Like many people, I watch the occasional TED talk, usually because someone else recommended it to me. From watching the talks, I had a vague idea that they were given at a conference of some kind but was not curious enough to try and find out what the conferences were about and who attended.
One good thing about the Nick Hanauer-TED dispute is that it has encouraged journalists to look behind the curtain of the TED machine and reveal what is behind it and who goes to them. It turns out that it is one of the rapidly proliferating set of exclusive gatherings, held at expensive resorts like Davos and Aspen. I wrote over a year ago about how these kinds of exclusive gatherings are the new means by which policy consensus is achieved by the new global elite.
To understand the phenomenon, it is useful to co-opt the language of Aldous Huxley’s Brave New World and split the world into alphas, betas, and the rest of us. The alphas are the world’s oligarchs, the people who really run the show. The betas are the upper-level politicians, professionals, celebrities, media types, and what used to be called in the old days ‘the intelligentsia’, who enjoy being seen occasionally with the alphas and fancy themselves to be major players in making important decisions but really are not. While Davos and Aspen attract many of the alphas, TED seems to cater more to the betas.
Alex Pareene has a good article on TED. Here are some highlights:
In case you’re unfamiliar with TED, it is a series of short lectures on a variety of subjects that stream on the Internet, for free. That’s it, really, or at least that is all that TED is to most of the people who have even heard of it. For an elite few, though, TED is something more: a lifestyle, an ethos, a bunch of overpriced networking events featuring live entertainment from smart and occasionally famous people.
At this point TED is a massive, money-soaked orgy of self-congratulatory futurism, with multiple events worldwide, awards and grants to TED-certified high achievers, and a list of speakers that would cost a fortune if they didn’t agree to do it for free out of public-spiritedness.
Strip away the hype and you’re left with a reasonably good video podcast with delusions of grandeur. For most of the millions of people who watch TED videos at the office, it’s a middlebrow diversion and a source of factoids to use on your friends.
The model for your standard TED talk is a late-period Malcolm Gladwell book chapter. Common tropes include:
- Drastically oversimplified explanations of complex problems.
- Technologically utopian solutions to said complex problems.
- Unconventional (and unconvincing) explanations of the origins of said complex problems.
- Staggeringly obvious observations presented as mind-blowing new insights.
What’s most important is a sort of genial feel-good sense that everything will be OK, thanks in large part to the brilliance and beneficence of TED conference attendees.
The people at Davos and in Aspen also think they’re saving the world, and the majority of them are also deeply involved in making it much worse for people who can’t afford to go to Davos and Aspen.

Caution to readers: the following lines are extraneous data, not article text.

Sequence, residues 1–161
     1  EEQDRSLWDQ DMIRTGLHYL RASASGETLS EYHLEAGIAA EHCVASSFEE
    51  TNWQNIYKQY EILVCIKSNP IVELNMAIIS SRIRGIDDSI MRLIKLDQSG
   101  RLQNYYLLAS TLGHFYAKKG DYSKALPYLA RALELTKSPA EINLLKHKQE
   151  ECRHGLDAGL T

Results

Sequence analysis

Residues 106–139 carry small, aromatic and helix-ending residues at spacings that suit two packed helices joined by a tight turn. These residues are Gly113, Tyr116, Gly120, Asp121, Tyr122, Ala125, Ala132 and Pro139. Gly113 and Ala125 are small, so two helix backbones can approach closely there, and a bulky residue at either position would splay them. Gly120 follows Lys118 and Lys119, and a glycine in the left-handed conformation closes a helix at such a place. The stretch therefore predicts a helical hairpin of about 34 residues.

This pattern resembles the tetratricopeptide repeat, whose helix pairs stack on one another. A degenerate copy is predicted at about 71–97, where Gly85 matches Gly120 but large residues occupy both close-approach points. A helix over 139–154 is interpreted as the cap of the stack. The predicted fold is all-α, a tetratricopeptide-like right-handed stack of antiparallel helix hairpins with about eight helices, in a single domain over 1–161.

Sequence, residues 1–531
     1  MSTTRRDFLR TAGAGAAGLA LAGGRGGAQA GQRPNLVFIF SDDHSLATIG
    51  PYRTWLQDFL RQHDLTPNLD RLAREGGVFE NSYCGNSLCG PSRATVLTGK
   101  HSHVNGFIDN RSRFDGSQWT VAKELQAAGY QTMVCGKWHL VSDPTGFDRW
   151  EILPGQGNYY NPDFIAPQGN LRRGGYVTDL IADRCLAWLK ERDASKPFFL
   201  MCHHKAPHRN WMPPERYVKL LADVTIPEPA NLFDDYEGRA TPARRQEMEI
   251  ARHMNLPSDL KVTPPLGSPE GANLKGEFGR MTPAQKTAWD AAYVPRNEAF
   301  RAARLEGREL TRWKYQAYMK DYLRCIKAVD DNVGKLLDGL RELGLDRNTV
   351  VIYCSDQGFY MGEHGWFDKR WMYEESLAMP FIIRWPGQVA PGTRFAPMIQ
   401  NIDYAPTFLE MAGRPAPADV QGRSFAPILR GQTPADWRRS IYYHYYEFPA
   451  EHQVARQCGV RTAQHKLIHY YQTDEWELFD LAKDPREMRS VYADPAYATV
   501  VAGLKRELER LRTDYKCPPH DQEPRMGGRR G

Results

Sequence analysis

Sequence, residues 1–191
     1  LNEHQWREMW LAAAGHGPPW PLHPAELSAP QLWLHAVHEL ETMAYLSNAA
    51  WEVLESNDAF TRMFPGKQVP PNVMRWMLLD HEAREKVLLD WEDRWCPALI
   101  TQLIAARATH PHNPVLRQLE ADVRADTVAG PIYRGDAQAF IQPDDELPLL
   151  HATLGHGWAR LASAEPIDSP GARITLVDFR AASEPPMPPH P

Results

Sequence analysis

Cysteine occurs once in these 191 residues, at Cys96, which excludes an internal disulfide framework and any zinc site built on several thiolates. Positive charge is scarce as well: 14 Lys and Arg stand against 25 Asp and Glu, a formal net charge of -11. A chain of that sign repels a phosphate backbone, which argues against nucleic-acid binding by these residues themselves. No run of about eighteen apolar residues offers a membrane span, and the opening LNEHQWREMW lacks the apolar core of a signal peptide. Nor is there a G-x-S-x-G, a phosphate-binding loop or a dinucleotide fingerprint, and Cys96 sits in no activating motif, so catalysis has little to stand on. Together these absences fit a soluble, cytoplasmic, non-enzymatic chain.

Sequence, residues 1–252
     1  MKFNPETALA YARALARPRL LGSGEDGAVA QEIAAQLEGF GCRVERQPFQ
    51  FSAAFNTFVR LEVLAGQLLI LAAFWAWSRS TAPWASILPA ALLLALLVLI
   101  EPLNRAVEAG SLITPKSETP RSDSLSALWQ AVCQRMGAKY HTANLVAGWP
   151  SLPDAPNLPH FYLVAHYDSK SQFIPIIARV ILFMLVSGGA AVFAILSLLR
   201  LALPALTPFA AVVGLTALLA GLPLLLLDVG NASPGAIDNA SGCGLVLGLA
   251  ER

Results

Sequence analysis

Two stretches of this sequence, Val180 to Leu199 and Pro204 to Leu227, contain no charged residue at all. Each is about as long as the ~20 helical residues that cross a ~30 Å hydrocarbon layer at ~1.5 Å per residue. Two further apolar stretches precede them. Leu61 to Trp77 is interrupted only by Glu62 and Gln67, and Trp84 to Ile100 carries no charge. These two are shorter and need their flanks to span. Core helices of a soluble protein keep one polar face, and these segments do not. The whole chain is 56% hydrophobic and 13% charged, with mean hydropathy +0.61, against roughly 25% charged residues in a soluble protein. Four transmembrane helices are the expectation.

That sounds about right.
Commenter Winterwind provided a link to long article by Benjamin Wallace on the origins of TED and how it has acquired an almost cult following. In particular it addressed the question of who attends. Exclusivity in its attendees and secrecy about them seems to have been built in from the beginning and people who get to attend seem to see it as some kind of validation of their worth. These conferences are the intellectual form of gated communities, where you can be confident that the riff-raff will be kept out and the only people allowed in will be just like you and share your values.
Under its founder Richard Wurman, TED cost more than $3,000 to attend but it really expanded when it was bought by Chris Anderson.
Bemoaning that TED had become “so elitist,” Anderson moved the conference from Monterey to a much larger venue in Long Beach; at the same time, though, he doubled the price, quadrupling revenues while making the conference even more of a rich person’s game. Anderson also instituted a restrictive new door policy: Now you had to be invited or fill out a humiliating application soliciting proof that you were a TED-caliber human.
TED has not only cracked the Internet’s popularity code and established a preeminent status marker for the digital economy; it’s also a money machine, aggressively introducing premium pricing ($125,000 for “patron” privileges), brand extensions (TEDGlobal, TEDActive), and other new sources of revenue (TEDLive, a conference webcast), while taking in an estimated minimum of $23 million per conference.
In 2008, TED’s attendee list was leaked to Valleywag. Anderson implored site owner Nick Denton “as a decent person” to take it down; Denton, who probably doesn’t even consider himself a decent person, ignored the request and posted Anderson’s e-mail. The list was revealing. “If you look at it primatologically,” one TED attendee says, “it was originally designed like an eighteenth-century salon, where the very smart and the very rich pretend they have something in common for a very short time. But now there’s a very small cohort of smart people and CEOs—alphas—and a huge panoply of betas: senior vice-presidents. What’s fascinating is how many betas are in the room.”
Both articles provide interesting insights into this new form of celebrity gathering.